AT&T plans to market the iPhone to business users in addition to consumers but analysts aren't recommending that enterprises supply workers with Apple’s new handset.
Cingular, which was acquired by AT&T, recently decided that Apple’s iPhone will appeal to business users and the operator is now working hard to ensure that its backend enterprise billing and support systems will accommodate the device when it ships, said a source familiar with the company's plans, who spoke on condition of anonymity.
An AT&T spokesman said he couldn't comment on the iPhone beyond when it will become available and its price. The phone is expected to become available in the US in June, while plans for a European iPhone release are under way.
Initially, AT&T will be the exclusive provider of the iPhone - which will cost $499 or $599 in the US depending on the memory size - although other service providers are expected to eventually start selling it as well.
The idea of marketing the iPhone as an enterprise product baffles some analysts as most of handset's features are targeted specifically at consumers (see our hands-on iPhone review).
If AT&T announces that it will be marketing the Apple’s handset to enterprise customers, "we'd be against it”, said Ken Dulaney, an analyst with Gartner, who said he hasn't heard of such a plan from the operator. "We'd immediately tell our customers that'd be a very serious mistake."
No matter what kind of reputation a vendor has, if it's making its first phone, Dulaney would be unlikely to recommend it. "Building a phone is one of the most difficult things to do," he said.
Also, the iPhone is expected to have a number of shortcomings for business users, he said. For example, it doesn't have a removable battery. "You'd be crazy to buy without that," Dulaney said. Apple’s handset has multiple processors, which consumes more battery life than single processors, he said.
It also comes with a touchscreen and no buttons, making it difficult for users to dial while driving, he noted.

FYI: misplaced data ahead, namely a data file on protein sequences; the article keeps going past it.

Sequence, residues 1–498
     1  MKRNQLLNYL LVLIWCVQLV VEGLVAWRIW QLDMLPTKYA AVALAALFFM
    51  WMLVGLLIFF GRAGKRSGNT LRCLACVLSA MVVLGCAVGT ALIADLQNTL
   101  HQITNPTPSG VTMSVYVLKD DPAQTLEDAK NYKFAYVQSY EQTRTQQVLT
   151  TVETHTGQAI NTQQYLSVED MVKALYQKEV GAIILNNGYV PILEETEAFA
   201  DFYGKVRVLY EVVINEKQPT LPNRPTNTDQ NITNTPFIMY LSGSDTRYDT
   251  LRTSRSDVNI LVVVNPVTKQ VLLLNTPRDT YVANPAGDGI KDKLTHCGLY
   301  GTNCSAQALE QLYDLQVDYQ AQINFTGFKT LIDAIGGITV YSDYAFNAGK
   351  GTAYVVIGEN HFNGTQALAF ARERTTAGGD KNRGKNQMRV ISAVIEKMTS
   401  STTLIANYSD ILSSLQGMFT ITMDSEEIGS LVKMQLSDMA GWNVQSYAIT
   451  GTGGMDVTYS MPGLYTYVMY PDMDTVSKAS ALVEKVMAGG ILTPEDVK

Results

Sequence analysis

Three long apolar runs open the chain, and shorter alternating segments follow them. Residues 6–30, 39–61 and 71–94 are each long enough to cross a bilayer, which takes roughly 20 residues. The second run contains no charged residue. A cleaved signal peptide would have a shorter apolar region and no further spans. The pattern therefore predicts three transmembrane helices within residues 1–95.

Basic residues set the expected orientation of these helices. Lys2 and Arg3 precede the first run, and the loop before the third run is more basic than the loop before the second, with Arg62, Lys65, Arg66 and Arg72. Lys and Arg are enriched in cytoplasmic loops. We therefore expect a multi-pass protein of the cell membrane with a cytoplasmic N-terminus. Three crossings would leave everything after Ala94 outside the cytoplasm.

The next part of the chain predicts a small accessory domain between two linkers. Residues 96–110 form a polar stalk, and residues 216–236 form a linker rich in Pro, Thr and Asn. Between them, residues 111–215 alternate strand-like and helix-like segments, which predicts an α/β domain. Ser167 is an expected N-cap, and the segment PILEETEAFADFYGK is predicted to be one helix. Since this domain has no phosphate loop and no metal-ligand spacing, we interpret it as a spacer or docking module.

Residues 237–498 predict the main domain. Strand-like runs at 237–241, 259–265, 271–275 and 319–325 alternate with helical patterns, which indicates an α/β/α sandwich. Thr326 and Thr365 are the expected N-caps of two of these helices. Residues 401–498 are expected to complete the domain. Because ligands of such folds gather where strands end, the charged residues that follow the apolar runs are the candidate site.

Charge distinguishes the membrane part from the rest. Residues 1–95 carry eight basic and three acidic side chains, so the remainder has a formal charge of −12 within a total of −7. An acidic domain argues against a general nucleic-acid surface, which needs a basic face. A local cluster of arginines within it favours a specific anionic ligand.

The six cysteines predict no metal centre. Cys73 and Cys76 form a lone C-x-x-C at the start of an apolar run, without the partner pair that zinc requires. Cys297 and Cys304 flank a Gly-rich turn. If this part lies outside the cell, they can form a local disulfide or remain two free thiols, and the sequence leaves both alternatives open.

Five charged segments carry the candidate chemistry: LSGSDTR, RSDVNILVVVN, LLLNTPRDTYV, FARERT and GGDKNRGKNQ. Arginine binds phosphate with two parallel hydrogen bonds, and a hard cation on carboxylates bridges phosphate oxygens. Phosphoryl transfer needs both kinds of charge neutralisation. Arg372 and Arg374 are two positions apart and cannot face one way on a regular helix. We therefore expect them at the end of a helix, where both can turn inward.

He suspects that enterprises will likely decide against the iPhone for similar reasons that many decide not to standardise on Mac computers. Even if the iPhone is attractive, like the Mac, they'll choose BlackBerry or Windows Mobile devices because those have more software application options, he said.
That's one reason that Avi Greengart, principal analyst for mobile devices at Current Analysis, also thinks the iPhone won't be a good option for enterprise customers. Apple has said that the iPhone will run on an OS X-based operating system and told Greengart that businesses won't be able to write applications for the phone, he said. "Companies like to extend corporate apps to the mobile space and in order to do that you need an open OS," he said. Mobile operating system developers like Windows, Symbian and BlackBerry enable third parties to write applications based on their software.
Since the iPhone isn't available yet, there's a chance that it could launch with applications that might appeal to business users, such as support for corporate email, but Greengart said he'd be surprised if it did.
Without such corporate applications, enterprises would be buying their employees a device with plenty of storage for their digital music collections. "Could a company deploy this? They could but they'd be paying for storage and for something intended for use as a consumer device," Greengart said.